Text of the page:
Recent days have seen a debate ensue on whether the Competency-Based Curriculum 2-6-3-3-3 should be rolled out to replace the 8-4-4 education system or should the ministry just fix the current system. Some have shown support to the president on the rollout, some have come out to strongly oppose it while some don’t really care about the curriculum change years since the 1985 transition from 7-4-2-3 after introducing 8-4-4 in 1985.
The question however is, should we rectify the 8-4-4 system or should we abandon it and move on to a brand new curriculum? CBS will see leaners go through 2 years in pre-primary, 6 years in primary, 3 years in junior secondary, 3 years in senior secondary and 3 more years in a higher learning institution.
For starters, the new curriculum is very attractive, not only is it particularly engaging but also provides a seamless transition to employment may it be self or otherwise.
The 2-6-3-3-3 system reminds me of the 7-4-2-3 that comprised 7 years of primary education, 4 years of lower secondary, 2 years of upper secondary (form 5-6) and 3 years for a university course. The curriculum oriented learners to employment through practical lessons and also embraced industries that later came to be forsaken by the academics oriented system, the 8-4-4 comprising of 8 years Primary education, 4 years secondary education and 4 years of higher learning.
The 8-4-4 system brought about white collar jobs taking away from industries like agriculture, construction and fishing among other economic activities that previously contributed largely to Kenya’s GDP. This then explains why the government is in a hurry to launch the curriculum to match the Big four agenda; manufacturing, universal healthcare, affordable housing, and food security.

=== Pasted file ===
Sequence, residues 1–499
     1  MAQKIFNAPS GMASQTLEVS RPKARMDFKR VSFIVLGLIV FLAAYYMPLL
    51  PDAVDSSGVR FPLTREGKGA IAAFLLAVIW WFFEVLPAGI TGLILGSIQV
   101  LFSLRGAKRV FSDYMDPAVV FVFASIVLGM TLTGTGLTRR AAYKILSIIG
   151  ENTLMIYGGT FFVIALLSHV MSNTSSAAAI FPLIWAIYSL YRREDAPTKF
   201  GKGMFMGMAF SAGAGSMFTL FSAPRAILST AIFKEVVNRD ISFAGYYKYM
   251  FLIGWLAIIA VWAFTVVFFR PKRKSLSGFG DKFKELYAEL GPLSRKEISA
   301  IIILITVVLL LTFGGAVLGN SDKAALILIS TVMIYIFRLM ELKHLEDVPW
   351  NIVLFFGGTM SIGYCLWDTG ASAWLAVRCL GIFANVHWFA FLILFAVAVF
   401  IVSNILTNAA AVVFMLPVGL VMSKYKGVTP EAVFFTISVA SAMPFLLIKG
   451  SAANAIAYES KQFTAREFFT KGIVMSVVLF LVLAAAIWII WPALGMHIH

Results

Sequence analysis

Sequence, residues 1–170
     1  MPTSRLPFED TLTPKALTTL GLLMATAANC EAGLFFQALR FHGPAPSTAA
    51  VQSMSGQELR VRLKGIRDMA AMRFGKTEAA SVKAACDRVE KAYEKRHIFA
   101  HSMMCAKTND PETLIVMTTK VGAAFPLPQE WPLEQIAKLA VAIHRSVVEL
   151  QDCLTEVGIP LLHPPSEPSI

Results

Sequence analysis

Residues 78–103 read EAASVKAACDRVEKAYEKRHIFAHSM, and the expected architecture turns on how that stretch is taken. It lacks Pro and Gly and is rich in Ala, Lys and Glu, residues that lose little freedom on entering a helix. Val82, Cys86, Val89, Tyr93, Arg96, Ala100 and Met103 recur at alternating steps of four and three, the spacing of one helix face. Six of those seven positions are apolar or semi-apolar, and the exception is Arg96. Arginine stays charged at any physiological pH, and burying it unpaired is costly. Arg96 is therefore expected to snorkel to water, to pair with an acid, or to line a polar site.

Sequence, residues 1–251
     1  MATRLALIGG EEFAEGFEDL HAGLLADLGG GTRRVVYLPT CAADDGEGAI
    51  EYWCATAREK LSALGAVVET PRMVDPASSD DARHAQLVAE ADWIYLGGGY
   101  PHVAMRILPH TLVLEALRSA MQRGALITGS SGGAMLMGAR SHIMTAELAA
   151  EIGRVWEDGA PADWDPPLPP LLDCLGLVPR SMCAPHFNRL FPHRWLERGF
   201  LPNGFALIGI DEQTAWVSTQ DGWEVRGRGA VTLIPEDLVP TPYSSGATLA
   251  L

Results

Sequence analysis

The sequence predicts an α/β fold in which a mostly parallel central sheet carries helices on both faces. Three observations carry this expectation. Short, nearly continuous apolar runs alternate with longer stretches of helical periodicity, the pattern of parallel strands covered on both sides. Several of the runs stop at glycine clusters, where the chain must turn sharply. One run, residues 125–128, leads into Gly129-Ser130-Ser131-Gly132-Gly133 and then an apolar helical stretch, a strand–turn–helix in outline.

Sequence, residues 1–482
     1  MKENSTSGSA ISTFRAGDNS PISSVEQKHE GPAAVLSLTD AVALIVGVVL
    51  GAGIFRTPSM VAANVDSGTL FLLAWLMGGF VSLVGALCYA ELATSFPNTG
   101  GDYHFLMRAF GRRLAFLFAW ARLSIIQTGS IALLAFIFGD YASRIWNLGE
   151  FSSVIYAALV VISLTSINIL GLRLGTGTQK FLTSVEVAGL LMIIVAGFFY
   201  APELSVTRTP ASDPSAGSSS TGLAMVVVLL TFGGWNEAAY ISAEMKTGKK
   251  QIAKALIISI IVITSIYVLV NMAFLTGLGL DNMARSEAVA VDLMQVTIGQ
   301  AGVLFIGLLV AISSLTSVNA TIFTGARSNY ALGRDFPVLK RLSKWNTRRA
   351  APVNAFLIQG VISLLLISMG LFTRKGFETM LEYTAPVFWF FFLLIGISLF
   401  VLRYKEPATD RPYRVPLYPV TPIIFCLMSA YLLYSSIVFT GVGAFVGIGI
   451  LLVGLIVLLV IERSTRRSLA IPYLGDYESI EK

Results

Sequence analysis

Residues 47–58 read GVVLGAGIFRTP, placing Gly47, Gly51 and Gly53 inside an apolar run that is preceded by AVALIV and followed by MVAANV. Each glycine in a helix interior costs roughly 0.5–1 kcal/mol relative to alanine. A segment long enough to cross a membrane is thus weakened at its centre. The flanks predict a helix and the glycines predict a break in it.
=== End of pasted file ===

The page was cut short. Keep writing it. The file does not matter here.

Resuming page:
The 2-6-3-3-3 is an imitation of the 7-4-2-3 only that now the digital aspect has been emphasized on. It is a brilliant idea and one that would catapult our children to great heights of intellect but are we ready for an overhaul really?
POLITICS & GOVERNMENT
The education Cabinet Secretary Amina Mohammed came out to announce the suspension of the CBS education owing to the fact that the ministry was not ready to accommodate it, only for the president to contradict her statement later.
According to CS Amina, the roll out of the system was not thought through and this would mean a blot in the system. For instance, she talks about inadequate training and infrastructure to sustain the system as well as the need to have clear guidelines to avoid gaps within grades.
However this was not taken lightly by some stakeholders and members of the parliament who came out to condemn her dare in stopping the roll out. Whether the opposition to postpone the launch was for the better of our children or personal gain, she ended up looking like a puppet whose puppeteer got tired of pulling the strings and had to come out and show face. But critically looking at it, our schools are not CBS ready, I know, its sounds like pessimism but it’s the raw truth.
The new system will need a big budget to cater for trainers and equipment to be used in some of the courses taken, The shortage in teachers does not provide the right conditions for the involving and intense curriculum, the misguided focus on digital education means that some leaners will miss out on such for lack of infrastructure, Hurried training and lack of course books shows how vague the ministry is about this.
For example, rolling out a system that emphasizes digital savviness yet thousands of schools in Kenya do not have electricity beats the sense of it. Today, we still have pupils and students sitting under trees for lack of infrastructure, writing on sand for lack of books or alternative material, yet they are expected to transition to CBS.
The only sane move would be fixing the system by degrees. The overhaul risks destabilizing the learners and the parents as well in what might turn out to be a disaster in one of the sectors Kenya depends on. If we proceed with the rollout, this will mean only learners in urbanized schools will experience the Competency-Based Education